Hyperthyroidism in Cats Exposed to Air “Fresheners”, Upholstered Furniture, and New Buildings

Cats are adversely affected by toxic chemicals too


… “Higher TDCIPP exposures were associated with air freshener use, houses built since 2005 and cats that prefer to nap on upholstered furniture.” …

The same things cause disabling adverse effects in people with MCS/ES.

Learn more:

Pet tags link widely used flame retardant to hyperthyroidism in cats



4 responses to “Hyperthyroidism in Cats Exposed to Air “Fresheners”, Upholstered Furniture, and New Buildings

  1. “”Our results suggest that greater maternal exposure to tris(1,3-dichloro-2-propyl phosphate) (TDCIPP, parent compound of BDCIPP) and, to a lesser degree, triphenyl phosphate (TPHP, parent compound of DPHP) during pregnancy is associated with adverse behavioral development in children.”


  2. I’m so glad I advocated for the removal of plugins at my dog training facility… where they also board dogs and cats.

    • I am so glad you did too! And that they did the right thing and removed them instead of dismissing your concerns.

      Thank you!

      Far too many veterinarians and other animal care givers use the plug-ins, scented candles, or other harmful scents.
      So do human health care providers.

      It’s as if they are addicted and don’t want to give them up…

  3. “Called aromatic amines, the chemicals—found in tobacco smoke and in dyes used in cosmetics, textiles, and plastics—are known to cause cancer.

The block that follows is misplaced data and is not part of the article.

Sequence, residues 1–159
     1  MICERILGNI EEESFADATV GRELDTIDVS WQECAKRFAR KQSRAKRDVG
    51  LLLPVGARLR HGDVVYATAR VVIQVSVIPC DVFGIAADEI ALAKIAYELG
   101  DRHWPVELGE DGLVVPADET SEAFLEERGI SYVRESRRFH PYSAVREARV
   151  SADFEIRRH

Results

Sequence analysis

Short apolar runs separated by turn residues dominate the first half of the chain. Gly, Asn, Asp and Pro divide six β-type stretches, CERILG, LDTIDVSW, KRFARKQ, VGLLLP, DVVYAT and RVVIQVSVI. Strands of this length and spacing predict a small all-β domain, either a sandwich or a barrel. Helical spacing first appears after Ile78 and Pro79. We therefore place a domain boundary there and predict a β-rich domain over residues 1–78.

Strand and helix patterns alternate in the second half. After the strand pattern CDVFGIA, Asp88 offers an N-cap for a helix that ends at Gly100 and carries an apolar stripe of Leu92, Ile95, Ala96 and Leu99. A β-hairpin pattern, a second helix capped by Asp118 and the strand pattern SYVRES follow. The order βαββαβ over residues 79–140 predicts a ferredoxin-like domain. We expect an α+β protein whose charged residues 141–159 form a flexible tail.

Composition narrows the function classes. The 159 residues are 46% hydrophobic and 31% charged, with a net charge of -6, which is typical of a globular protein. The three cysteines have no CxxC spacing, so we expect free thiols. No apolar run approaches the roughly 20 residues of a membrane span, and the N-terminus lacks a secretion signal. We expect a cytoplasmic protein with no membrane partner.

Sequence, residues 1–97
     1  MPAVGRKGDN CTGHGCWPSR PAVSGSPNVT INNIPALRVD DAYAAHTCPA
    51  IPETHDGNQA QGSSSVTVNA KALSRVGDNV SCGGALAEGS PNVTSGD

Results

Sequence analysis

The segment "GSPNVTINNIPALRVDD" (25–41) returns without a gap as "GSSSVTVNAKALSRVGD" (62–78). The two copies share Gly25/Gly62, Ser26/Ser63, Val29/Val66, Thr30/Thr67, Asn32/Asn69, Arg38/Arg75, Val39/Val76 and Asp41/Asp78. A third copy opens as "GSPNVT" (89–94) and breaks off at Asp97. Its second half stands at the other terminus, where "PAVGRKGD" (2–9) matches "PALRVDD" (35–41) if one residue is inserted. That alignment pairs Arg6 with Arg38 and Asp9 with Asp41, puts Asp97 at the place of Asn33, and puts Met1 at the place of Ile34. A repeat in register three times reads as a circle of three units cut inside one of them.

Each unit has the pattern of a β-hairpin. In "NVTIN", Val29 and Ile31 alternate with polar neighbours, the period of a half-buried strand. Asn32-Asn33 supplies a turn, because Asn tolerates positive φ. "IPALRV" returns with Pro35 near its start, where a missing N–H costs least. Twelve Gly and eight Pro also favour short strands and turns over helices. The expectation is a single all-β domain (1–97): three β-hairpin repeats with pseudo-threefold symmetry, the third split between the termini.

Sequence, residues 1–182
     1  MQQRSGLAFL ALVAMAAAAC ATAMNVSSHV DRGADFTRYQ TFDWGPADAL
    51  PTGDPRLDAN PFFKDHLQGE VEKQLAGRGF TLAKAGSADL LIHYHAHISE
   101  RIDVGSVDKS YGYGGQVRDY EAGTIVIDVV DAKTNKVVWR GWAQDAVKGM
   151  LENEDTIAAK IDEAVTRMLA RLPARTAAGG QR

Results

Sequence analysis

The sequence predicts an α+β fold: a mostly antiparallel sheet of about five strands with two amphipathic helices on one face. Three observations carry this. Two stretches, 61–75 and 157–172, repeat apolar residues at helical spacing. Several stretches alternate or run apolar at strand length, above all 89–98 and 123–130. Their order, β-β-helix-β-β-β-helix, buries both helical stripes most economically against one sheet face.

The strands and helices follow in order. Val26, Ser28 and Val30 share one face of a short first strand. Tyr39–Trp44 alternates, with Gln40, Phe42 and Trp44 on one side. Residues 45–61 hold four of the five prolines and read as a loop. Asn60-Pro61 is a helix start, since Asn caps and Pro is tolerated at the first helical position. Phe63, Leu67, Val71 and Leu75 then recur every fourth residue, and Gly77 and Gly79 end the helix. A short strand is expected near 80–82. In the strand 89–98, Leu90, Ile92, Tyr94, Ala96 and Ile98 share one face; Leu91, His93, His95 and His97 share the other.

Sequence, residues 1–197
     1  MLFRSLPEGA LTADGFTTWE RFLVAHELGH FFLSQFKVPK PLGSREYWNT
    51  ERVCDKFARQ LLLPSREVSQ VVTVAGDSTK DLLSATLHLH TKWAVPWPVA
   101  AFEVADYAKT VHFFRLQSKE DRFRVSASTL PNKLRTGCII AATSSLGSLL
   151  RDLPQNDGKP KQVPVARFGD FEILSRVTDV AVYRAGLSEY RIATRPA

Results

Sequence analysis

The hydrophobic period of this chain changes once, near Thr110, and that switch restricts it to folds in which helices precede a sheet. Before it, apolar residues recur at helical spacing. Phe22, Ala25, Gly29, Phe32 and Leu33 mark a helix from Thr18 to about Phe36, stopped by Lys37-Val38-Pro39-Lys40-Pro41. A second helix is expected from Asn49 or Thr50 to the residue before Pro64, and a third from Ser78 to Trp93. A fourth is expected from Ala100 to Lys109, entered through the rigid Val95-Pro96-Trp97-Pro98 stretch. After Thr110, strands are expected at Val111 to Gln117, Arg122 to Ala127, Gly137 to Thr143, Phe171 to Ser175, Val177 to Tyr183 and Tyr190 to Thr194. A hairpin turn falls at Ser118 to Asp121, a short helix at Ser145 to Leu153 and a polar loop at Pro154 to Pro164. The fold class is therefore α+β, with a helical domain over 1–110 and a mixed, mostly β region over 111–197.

“Our findings suggest that pets are coming into contact with aromatic amines that leach from products in their household environment,” says study lead author Sridhar Chinthakindi, Ph.D., a postdoctoral fellow at NYU Langone Health. “As these substances have been tied to bladder, colorectal, and other forms of cancer, our results may help explain why so many dogs and cats develop such diseases.”

    The study authors’ previous investigations have measured other hormone-disrupting chemicals, including phthalates, melamine, and bisphenols in pet urine. However, the new study, published online March 30 in the journal Environment International, is the first designed to explore pet exposure to aromatic amines in the household, according to Chinthakindi.”


Leave a Reply

Fill in your details below or click an icon to log in:

WordPress.com Logo

You are commenting using your WordPress.com account. Log Out /  Change )

Twitter picture

You are commenting using your Twitter account. Log Out /  Change )

Facebook photo

You are commenting using your Facebook account. Log Out /  Change )

Connecting to %s

This site uses Akismet to reduce spam. Learn how your comment data is processed.